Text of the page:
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Focal Length Explained Pt. 2

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Description

Focal length is how we describe the magnification of your lens and it's described in millimetres. Some have fixed lengths and others can be 'zoomed' in and out as you change the focal length.

If you zoom your lens you're probably trying to get something that's a long way off to come nearer. But 'zooming' changes more than just your focal length.

As well as magnifying, focal length changes three other things as well, perspective, depth of field and field of view. Each of these have a dramatic impact on the way your images look, what's included and what's not and what's sharp and what's soft.

Different focal lengths change the way the viewer feels about a photo too. In Using a Short Lens we showed you how a wide angle or short lens has a very close in intimate feel to it. Long lenses have a more isolated or by-stander feel to them and it's all achieved by altering your focal length.

Once you've been shown how to exploit this and invested a bit of time practising - you'll have taken a huge leap forward in controlling the way your pictures look.

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Comments

Focal Length Explained Pt. 2
I like the idea of calling long lenses narrow lenses. This helps me to understand it more. Love the 'no expense spared' gizmo. 😀😀
littleowl 14, Dec 2017 @ 07:28
I like the idea of calling long lenses narrow lenses. This helps me to understand it more. Love the 'no expense spared' gizmo. 😀😀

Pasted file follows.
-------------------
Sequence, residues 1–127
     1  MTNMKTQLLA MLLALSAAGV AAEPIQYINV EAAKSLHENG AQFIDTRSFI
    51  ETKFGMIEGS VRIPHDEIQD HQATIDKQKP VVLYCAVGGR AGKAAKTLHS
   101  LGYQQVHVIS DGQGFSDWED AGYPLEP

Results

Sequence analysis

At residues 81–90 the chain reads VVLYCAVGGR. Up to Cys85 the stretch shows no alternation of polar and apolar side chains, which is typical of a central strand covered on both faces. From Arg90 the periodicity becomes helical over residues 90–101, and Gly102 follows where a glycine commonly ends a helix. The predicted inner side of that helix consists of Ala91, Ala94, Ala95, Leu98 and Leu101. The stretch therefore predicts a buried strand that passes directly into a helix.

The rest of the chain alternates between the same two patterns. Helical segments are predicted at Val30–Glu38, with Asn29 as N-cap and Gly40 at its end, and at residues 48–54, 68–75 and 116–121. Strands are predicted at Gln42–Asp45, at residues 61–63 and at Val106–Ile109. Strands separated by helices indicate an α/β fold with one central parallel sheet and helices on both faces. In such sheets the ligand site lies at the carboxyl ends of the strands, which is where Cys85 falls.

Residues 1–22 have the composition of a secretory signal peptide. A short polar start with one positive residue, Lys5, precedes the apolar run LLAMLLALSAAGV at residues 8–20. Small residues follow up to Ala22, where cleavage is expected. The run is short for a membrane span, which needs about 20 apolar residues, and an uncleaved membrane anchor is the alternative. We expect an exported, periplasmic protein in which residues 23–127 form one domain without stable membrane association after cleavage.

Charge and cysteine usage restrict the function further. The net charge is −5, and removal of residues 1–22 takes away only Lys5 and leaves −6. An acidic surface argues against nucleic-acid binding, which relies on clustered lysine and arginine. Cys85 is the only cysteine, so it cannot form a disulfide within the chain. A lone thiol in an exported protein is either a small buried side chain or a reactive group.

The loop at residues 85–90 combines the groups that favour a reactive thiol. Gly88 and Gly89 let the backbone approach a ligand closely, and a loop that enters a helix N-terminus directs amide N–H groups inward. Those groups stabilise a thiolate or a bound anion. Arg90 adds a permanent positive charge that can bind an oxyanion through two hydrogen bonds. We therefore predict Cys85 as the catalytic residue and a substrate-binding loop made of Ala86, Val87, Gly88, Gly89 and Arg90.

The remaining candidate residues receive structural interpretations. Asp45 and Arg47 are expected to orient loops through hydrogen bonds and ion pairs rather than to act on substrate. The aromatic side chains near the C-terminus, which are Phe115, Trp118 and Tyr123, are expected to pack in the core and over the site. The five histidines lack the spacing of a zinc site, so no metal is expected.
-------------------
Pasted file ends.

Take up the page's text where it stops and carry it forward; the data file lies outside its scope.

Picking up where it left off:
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Focal Length Explained Pt. 2
Your statement that focal length affects perspective is technically incorrect. It is a well-known fact that if the camera isn't moved, and the subject is stationary as well, that the perspective is identical no matter what the focal length or zoom setting. The focal length just governs HOW MUCH of the scene fills the frame. I have never seen long lenses compress anything, unless the camera itself is moved farther away from the subject or scene. You may want to clarify this further for your readers.
gyryrls 18, Jan 2018 @ 09:29
Your statement that focal length affects perspective is technically incorrect. It is a well-known fact that if the camera isn't moved, and the subject is stationary as well, that the perspective is identical no matter what the focal length or zoom setting. The focal length just governs HOW MUCH of the scene fills the frame. I have never seen long lenses compress anything, unless the camera itself is moved farther away from the subject or scene. You may want to clarify this further for your readers.
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